The example of the joint order of three companies from the federal state of Brandenburg, which was already reported last year, was followed in 2021 by Saxony. However, the starting position is somewhat different here: the considerable vehicle demand of the city of Leipzig was used by the small operators in Görlitz and the somewhat larger one in Zwickau to cover their new vehicle demand without the need to develop an entirely new tram variant and with the cost advantages of a larger order. For Görlitz, these are the first low-floor cars ever. The initial order of 39 tram cars in two different lengths is manageable, but will be supplemented by up to 7 options with a total of 148 units in both lengths. Interestingly, the track gauge between Leipzig (1,458 mm) and Görlitz and Zwickau (both 1,000 mm) as well as the vehicle width (Leipzig with 2,400 mm) and the other two with 2,300 mm will differ from each other. Contrary to the usual practice of car builders and a separate supplier of electrical equipment bidding together but continuing to act separately, after the contract was awarded the Leipzig company HeiterBlick of Kirow Kranbau and Kiepe-Electric, now part of Knorr-Bremse, formed a consortium under the name LEIWAG as the “Saxon Platform for the Tram of the Future”. For Leipzig, this is already the 4th generation of modern low-floor trams since 2005.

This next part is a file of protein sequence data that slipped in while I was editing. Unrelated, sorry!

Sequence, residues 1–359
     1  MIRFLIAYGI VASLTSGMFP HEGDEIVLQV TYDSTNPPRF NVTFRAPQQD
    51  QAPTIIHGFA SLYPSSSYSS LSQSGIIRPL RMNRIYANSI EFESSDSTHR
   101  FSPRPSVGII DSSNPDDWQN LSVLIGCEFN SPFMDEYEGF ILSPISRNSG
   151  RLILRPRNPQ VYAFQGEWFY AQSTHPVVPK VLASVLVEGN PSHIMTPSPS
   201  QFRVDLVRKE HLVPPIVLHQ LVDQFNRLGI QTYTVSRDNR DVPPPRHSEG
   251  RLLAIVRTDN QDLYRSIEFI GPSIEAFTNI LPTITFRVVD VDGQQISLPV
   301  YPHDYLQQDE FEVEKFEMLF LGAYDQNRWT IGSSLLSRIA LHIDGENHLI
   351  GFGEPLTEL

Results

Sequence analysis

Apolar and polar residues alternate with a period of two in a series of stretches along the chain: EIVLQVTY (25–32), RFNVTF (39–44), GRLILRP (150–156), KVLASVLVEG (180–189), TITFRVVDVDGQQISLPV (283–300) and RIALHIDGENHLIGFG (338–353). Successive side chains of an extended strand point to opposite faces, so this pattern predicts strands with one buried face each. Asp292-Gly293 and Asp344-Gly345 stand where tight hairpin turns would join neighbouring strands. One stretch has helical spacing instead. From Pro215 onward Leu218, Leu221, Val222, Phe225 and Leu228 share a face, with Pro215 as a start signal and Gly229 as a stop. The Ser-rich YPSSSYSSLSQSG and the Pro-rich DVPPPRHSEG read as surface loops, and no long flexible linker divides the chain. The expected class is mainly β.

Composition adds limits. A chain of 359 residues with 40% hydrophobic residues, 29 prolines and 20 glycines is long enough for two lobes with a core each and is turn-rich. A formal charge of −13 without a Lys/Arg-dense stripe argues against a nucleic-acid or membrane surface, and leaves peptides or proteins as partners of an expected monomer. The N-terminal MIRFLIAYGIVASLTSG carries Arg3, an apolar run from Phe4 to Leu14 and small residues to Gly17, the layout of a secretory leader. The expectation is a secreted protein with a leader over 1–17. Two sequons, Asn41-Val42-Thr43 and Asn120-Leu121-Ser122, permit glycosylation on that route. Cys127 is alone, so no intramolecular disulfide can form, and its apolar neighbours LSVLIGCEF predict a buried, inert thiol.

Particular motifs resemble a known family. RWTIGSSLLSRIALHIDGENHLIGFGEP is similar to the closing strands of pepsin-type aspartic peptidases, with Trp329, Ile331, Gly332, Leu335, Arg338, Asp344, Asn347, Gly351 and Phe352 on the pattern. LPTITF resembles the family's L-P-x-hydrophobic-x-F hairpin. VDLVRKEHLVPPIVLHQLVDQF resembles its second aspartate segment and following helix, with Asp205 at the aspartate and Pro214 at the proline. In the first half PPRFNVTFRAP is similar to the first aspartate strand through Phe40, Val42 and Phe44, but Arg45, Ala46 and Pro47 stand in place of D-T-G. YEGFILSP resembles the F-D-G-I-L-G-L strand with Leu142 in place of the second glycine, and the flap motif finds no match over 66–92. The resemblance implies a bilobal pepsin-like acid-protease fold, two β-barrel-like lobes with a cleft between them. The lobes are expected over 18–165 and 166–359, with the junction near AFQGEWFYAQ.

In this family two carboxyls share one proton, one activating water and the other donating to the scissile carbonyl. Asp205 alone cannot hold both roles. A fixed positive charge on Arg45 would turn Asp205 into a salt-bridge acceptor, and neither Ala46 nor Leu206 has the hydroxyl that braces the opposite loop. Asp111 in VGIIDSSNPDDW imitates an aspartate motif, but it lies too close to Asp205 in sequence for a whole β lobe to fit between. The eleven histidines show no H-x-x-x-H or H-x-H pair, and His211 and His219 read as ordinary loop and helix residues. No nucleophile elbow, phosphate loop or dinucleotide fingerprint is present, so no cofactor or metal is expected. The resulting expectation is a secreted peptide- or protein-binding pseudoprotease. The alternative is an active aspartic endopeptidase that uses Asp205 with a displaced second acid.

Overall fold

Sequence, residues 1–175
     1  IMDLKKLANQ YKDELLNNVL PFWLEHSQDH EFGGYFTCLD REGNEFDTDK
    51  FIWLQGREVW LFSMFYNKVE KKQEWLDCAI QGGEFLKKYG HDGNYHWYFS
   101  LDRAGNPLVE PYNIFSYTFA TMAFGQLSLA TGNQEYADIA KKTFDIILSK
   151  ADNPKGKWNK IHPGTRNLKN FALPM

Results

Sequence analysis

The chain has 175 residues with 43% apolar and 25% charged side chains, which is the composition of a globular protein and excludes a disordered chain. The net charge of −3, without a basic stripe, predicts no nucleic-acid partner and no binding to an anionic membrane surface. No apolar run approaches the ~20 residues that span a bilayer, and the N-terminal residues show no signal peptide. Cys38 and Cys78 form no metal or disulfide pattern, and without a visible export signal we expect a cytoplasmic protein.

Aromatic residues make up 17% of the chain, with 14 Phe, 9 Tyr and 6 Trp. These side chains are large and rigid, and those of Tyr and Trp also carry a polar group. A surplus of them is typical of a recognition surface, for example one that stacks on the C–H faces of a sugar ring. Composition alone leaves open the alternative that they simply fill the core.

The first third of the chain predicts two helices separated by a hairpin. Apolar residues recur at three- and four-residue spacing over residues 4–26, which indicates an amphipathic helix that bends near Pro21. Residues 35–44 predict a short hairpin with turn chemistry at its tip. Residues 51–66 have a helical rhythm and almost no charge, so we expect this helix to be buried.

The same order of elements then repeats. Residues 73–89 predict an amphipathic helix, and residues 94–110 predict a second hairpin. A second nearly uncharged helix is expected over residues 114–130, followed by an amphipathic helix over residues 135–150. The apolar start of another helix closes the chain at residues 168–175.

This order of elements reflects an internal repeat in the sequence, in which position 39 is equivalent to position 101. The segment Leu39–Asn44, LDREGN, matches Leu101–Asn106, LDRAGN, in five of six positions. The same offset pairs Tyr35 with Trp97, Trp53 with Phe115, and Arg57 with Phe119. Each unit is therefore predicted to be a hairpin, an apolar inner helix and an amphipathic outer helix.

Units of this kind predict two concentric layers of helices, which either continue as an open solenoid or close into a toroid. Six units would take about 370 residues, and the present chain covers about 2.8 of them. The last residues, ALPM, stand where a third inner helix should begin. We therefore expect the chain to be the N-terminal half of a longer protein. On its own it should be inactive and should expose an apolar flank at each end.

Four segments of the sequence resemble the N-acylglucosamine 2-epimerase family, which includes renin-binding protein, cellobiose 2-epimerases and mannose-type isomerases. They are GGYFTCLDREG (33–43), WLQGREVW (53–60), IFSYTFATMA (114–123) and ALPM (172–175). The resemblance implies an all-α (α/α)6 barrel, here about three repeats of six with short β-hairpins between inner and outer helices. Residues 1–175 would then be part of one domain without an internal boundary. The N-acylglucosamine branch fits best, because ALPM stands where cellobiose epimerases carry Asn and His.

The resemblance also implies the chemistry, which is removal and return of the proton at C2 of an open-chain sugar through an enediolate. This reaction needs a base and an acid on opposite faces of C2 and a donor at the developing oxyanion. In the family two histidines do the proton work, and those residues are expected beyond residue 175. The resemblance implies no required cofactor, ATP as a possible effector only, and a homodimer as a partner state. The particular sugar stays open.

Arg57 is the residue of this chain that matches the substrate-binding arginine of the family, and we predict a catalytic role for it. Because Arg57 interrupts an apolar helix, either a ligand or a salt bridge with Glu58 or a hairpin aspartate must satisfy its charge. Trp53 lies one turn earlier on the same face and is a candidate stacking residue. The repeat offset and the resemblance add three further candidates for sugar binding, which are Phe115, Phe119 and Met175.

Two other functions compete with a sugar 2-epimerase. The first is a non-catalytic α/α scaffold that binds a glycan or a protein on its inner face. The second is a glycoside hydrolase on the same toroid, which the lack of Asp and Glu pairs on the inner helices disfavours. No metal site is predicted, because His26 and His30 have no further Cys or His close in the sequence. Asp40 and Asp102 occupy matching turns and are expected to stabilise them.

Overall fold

Magdeburg initiated the gradual replacement of the first generation of low-floor trams, consisting of 83 cars, with an order for 35 four-car units of the Bombardier Flexity-Classic platform from Alstom. In addition, there are 28 options.